Wanganui is located on the South Taranaki Bight, close to the mouth of the Whanganui River. It is 200 kilometres north of Wellington and 75 kilometres northwest of Palmerston North, at the junction of State Highways 3 and 4. Most of the town lies on the river’s northwestern bank, although some suburbs are located on the opposite side of the river.
It enjoys a temperate climate, with slightly above the national average sunshine (2100 hours per annum), and about 900 mm of annual rainfall. Several frosts are experienced in winter.
The area around the mouth of the Whanganui was a major site of pre-European Māori settlement. In the 1820s coastal tribes in the area assaulted the Kapiti Island of Ngāti Toa chief Te Rauparaha. Te Rauparaha retaliated in 1830 sacking Putiki Pā and slaughtering the inhabitants. The first European traders arrived in 1831, followed in 1840 by missionaries Octavius Hadfield and Henry Williams who collected signatures for the Treaty of Waitangi. After the New Zealand Company had settled in Wellington the company looked for more suitable places for settlers. Edward Wakefield, son of Edward Gibbon Wakefield, negotiated the sale of 40,000 acres in 1840. A town, originally known as Petre was established at the river mouth shortly after. The name was officially changed to Wanganui on 20 January 1854.
The early years of the new town were problematic. Purchase of land from the local tribes had been haphazard and irregular, and as such many Māori were angered with the influx of Pākehā onto land that they still claimed. It was not until the town had been established for eight years that agreements were finally reached between the colonials and local tribes, and some resentment continued (and still filters through to the present day).
Wanganui grew rapidly after this time, with land being cleared for pasture. The town was a major military centre during the Land Wars of the 1860s, although local Māori at Putiki remained friendly to the town’s settlers. In 1871 a town bridge was opened followed six years later by the railway bridge at Aramoho. The town was linked by rail to both New Plymouth and Wellington by 1886.
Wanganui was incorporated as a Borough on 1 February 1872 and declared a city on 1 July 1924.
Perhaps the city’s biggest scandal happened in 1920, when the Mayor, Charles Mackay, shot and wounded a young poet, D’Arcy Cresswell, who had been blackmailing him over his homosexuality. Mackay served seven years in prison and his name was erased from the city’s civic monuments, while Cresswell (himself homosexual) was praised as a „wholesome-minded young man“.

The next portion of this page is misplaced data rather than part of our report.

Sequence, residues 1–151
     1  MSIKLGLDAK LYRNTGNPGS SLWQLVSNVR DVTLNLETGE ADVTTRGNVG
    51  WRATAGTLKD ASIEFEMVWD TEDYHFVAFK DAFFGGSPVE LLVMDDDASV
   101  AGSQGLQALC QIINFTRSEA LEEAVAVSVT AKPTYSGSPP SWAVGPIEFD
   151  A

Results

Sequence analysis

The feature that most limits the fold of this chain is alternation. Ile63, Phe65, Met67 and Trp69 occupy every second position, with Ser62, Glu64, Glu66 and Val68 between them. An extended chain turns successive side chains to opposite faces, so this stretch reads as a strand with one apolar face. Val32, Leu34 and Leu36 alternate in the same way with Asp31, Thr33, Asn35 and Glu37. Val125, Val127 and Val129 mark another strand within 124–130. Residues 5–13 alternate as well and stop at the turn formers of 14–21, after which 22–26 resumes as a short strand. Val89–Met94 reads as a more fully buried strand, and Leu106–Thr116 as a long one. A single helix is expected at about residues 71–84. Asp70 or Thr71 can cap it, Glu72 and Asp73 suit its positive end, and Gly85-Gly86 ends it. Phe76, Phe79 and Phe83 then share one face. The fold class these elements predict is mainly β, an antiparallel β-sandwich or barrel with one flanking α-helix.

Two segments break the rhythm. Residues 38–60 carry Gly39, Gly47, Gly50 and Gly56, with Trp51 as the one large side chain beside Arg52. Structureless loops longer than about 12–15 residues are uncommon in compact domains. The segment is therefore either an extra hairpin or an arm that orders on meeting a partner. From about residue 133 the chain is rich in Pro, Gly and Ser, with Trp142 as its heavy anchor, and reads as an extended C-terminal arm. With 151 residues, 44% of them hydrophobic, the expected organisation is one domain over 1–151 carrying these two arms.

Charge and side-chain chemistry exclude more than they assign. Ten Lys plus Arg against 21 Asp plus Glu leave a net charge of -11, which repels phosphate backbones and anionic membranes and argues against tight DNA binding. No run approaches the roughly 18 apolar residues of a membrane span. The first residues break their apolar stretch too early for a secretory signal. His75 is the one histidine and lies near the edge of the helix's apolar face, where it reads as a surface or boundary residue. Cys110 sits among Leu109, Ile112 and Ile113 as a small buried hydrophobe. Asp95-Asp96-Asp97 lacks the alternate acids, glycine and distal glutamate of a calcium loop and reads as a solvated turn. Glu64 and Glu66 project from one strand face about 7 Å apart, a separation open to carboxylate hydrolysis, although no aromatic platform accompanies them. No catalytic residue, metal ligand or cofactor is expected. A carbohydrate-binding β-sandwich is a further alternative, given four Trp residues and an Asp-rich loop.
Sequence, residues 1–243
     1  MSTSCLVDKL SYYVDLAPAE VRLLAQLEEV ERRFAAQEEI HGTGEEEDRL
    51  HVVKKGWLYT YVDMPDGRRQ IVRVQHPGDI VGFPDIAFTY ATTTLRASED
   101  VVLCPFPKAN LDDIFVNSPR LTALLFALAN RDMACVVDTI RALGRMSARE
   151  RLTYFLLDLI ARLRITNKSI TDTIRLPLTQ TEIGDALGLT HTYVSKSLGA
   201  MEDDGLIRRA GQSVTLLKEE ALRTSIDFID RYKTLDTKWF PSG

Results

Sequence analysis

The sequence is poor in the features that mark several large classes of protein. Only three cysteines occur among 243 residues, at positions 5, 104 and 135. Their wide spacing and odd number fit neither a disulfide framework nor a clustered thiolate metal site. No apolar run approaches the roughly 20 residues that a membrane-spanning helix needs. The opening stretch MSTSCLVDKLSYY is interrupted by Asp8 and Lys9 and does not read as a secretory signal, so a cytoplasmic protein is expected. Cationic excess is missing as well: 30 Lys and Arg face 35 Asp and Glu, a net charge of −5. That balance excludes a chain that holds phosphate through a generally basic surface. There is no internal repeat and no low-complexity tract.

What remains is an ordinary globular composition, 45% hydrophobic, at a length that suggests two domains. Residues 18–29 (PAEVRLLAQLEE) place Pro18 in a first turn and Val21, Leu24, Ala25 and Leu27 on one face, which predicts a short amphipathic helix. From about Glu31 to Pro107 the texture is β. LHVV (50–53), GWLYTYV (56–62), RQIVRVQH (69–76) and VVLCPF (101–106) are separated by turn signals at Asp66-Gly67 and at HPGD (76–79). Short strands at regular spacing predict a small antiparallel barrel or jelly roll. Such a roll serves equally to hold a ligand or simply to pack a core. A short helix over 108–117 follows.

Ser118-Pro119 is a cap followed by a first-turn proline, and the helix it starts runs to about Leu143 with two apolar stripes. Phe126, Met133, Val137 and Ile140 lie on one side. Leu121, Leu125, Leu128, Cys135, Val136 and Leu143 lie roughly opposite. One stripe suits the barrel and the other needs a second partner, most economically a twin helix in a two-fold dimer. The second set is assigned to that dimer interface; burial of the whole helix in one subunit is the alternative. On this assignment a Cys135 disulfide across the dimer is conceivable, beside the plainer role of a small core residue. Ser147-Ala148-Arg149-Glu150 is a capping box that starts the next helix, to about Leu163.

The Whanganui River catchment is seen as a sacred area to Māori, and the Wanganui region is still seen as a focal point for any resentment over land ownership. In 1995, Moutoa Gardens in Wanganui, known to local Māori as Pakaitore, were occupied for 79 days in a mainly peaceful protest by the Whanganui iwi over land claims.
Wanganui was the site of the New Zealand Police Law Enforcement System (LES) from 1976 to 1995. An early Sperry mainframe computer based intelligence and data management system, it was known colloquially as the „Wanganui Computer“. The data centre housing the LES was subject to New Zealand’s highest profile suicide bombing in 1982 when anarchist Neil Roberts detonated a gelignite bomb in the entry foyer. Roberts was the only casualty of the bombing.
Whāngā nui means big bay or big harbour. Europeans called it Petre (pronounced Peter), after Lord Petre, an officer of the New Zealand Company, but the name did not persist.
Wanganui or Whanganui?
In the local accent, Māori say wh as w followed by a glottal stop, and the name as something like „W’anganui“, hard to reproduce by non-locals. Until recently it was generally written as „Wanganui“ and pronounced with a w by non-speakers of Māori and a wh by those Māori speakers from other areas who knew its derivation.
Following an article about the river by David Young in the New Zealand Geographic magazine that used „Whanganui“ throughout, in accord with the wishes of the local iwi, the spelling of the river’s name reverted to Whanganui in 1991. The region’s name is now sometimes also spelt „Whanganui“, but the city has kept the spelling „Wanganui“.
As a result, many people from outside the area now take pains to pronounce the river and the region as „Whanganui“ and the city as „Wanganui“, though the variant spellings do not reflect any difference in the underlying name.
A non-binding referendum was held in 2006, where 82 percent voted for Wanganui without an ‚h‘. Turnout was 55.4 percent.
Source: Wikipedia, Wises New Zealand Guide, 7th Edition, 1979. p. 494., Charles Mackay and D'Arcy Cresswell.